Friday, March 22, 2013

Puzzazz review (Puzzle No. 3,276)

I did finally get around to getting the Puzzazz review committed to ASCII.  Look for the full review below this week's The Nation puzzle.

Link to puzzle

Degree of difficulty (by standards of this weekly puzzle): hard.  A bit of a British feel to this one, with more cross references than usual.

Hozom's comment: Turnabout is Fair Play (but not exalted), in which reversals and their indicators are discussed.  Reversals play well with others: they are easy to integrate with other clue types.

[full Puzzazz review below the fold]

Now let’s look at Puzzazz.  First off, it’s a platform, and not a puzzle itself.  The puzzles are created by independent constructors.  That means two things: first, the app is free, so there’s no risk to go download it and try it out (thus saving you the time of reading the rest of the post).  Second, the number of puzzles available on the platform will grow faster as more constructors join in and existing constructors issue more puzzle files. 

The most unsatisfactory part of Puzzazz comes right at the outset: the program takes a terribly long time to load.  If it’s still in memory it will switch back in right away, but if you’ve been using several other apps, you’ll wait and wait some more.  That’s frustrating when you want to do a little solving while you’re waiting for the train.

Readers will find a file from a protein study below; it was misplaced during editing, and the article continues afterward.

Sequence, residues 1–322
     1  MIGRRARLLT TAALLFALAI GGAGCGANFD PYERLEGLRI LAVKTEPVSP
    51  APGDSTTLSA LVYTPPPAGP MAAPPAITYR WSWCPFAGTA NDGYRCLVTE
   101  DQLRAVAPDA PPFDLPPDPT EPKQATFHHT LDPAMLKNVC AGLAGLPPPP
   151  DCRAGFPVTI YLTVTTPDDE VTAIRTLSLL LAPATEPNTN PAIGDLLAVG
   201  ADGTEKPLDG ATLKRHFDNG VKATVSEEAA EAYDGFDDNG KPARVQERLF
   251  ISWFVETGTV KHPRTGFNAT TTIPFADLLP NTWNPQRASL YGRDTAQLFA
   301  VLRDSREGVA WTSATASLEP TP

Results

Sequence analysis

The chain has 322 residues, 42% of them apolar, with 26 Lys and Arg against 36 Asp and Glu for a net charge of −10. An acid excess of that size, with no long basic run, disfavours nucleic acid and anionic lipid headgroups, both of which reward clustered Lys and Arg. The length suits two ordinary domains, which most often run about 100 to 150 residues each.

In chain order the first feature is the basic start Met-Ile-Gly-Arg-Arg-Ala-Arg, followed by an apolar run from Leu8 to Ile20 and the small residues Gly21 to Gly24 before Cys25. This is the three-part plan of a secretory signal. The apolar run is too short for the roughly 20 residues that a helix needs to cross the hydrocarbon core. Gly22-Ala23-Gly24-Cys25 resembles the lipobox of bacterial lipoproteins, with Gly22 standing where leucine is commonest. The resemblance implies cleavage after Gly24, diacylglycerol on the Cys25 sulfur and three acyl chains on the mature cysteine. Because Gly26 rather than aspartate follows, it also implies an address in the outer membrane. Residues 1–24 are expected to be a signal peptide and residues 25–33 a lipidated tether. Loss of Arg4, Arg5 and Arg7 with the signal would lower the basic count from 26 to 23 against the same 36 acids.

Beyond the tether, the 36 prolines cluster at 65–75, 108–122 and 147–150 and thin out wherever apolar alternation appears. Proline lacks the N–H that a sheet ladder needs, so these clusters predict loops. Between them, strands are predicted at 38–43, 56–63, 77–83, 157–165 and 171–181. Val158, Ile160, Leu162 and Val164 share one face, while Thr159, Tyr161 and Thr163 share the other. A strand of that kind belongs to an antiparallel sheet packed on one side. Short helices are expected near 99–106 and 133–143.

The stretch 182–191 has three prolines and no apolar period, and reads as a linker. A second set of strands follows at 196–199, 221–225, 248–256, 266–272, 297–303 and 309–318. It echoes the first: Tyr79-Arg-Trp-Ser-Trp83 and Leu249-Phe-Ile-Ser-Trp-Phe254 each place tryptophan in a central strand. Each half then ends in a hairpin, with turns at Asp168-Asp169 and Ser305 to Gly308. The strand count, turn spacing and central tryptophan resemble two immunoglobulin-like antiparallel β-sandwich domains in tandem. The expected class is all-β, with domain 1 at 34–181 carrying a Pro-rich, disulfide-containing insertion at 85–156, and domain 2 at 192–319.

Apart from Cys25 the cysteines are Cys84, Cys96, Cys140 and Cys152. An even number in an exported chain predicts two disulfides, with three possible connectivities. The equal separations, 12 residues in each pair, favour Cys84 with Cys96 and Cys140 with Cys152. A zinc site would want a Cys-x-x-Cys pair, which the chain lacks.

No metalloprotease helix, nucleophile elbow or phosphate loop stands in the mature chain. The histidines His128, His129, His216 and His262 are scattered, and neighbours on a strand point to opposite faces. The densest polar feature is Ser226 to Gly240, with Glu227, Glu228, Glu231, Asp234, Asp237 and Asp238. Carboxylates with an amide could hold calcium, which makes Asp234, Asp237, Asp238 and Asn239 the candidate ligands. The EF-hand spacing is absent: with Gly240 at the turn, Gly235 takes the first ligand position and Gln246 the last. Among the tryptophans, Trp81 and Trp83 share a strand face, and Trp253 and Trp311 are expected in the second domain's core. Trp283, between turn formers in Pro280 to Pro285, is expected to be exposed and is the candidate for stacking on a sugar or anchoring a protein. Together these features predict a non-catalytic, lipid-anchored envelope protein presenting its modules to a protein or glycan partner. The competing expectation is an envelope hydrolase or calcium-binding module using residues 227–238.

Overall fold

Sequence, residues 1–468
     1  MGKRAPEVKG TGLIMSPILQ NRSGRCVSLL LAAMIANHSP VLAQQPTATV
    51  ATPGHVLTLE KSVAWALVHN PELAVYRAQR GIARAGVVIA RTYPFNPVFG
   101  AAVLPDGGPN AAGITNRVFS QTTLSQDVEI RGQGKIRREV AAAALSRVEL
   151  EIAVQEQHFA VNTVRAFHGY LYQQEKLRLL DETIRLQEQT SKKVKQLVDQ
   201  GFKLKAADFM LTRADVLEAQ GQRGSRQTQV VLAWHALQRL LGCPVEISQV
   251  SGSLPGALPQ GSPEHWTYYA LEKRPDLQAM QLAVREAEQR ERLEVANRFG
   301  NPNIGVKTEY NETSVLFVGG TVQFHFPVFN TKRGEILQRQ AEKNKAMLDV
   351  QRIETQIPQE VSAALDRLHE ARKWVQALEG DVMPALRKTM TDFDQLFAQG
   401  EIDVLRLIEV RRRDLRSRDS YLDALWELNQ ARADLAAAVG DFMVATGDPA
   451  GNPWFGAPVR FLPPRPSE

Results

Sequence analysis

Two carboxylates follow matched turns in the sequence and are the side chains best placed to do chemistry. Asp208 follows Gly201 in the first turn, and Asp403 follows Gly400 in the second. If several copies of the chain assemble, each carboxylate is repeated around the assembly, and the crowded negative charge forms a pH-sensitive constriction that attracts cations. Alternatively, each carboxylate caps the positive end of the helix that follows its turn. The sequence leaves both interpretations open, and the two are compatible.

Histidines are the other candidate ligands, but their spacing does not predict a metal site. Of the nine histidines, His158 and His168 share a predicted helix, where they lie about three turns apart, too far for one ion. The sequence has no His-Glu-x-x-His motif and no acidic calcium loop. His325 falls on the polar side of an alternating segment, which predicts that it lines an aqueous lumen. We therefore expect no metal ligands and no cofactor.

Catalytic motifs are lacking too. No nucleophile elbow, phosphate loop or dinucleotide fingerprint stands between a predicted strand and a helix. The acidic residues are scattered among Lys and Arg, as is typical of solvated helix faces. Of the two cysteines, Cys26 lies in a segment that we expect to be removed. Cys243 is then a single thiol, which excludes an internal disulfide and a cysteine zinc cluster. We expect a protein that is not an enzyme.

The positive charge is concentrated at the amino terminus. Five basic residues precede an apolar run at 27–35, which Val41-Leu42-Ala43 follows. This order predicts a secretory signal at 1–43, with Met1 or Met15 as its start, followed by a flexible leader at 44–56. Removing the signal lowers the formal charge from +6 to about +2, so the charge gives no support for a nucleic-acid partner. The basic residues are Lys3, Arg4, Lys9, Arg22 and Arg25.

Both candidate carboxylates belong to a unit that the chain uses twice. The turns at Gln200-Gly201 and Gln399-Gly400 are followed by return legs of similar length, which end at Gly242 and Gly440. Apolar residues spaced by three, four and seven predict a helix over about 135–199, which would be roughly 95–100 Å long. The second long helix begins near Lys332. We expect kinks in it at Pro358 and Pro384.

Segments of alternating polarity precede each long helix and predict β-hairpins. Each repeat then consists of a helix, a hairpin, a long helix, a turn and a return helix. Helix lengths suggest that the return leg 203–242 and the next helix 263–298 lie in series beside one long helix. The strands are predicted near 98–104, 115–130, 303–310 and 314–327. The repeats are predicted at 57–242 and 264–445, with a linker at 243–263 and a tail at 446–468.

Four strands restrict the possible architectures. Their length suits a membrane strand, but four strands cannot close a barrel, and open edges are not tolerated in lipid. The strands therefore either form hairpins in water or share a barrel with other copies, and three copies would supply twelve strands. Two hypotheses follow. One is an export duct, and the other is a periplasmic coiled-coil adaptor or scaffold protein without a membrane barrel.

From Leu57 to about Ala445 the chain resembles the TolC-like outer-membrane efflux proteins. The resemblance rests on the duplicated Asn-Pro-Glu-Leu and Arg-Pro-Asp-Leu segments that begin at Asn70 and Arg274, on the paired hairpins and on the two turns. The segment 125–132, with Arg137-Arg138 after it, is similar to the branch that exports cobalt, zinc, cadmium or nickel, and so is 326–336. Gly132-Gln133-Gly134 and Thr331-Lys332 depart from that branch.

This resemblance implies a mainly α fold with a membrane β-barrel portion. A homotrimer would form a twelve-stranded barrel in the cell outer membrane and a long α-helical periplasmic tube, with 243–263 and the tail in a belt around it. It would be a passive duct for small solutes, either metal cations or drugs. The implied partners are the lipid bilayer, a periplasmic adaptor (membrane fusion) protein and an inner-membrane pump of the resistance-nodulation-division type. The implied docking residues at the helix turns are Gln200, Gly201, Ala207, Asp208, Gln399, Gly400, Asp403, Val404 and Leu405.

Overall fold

There’s another slowdown stemming from the interface.  The developers have created a virtual bookshelf of puzzles.  When the program starts, you have to scroll to the shelf with the “book” you want to choose it and tap its spine.  The cover of the book appears on the shelf, and you have to tap again to open it.  That takes you to the table of contents, where it’s one more tap to resume the puzzle you were working on or open a new one.  By then the train is pulling in.

Once you have the puzzle open, the interface is intuitive.  On the iPhone and iPod Touch, the grid is on top, the clues are in the middle, and a virtual keyboard is on the bottom.  On the iPad, the clues wrap around the grid as in a newspaper puzzle.  iPad users get the choice of having the grid on the left or on the right, for left-handers and righties.  Either way, tap the square you want to enter a letter in, and key it in.  The insertion point moves along just like AcrossLite.  Or scroll through the clues and tap one: the insertion point jumps to that spot. 

Other features will be familiar to AcrossLite users: across the top of the screen there are pen and pencil options, a magnifying glass to zoom in on the grid (necessary for most iPhone users), and a light bulb icon for puzzle checking, answers (single letter, word, or whole grid), and in some puzzles, hints. 

The hint system is particularly well-suited to cryptic crosswords.  You can ask it to tell you the type of a clue (anagram, charade, etc.) or to show you the division between definition and wordplay (it inserts a line, but won’t tell you which half is which).  This will be a boon to novice solvers.

Puzzle e-books are typical in-app purchases.  All the available books appear on the shelf, recent additions are tagged “new,” and purchased e-books are marked with a purple dot.  Each e-book includes at least one free full puzzle, and you can view a portion of all the rest.  This is another important feature for cryptic lovers, so you can get a feel for the constructor’s style and degree of difficulty.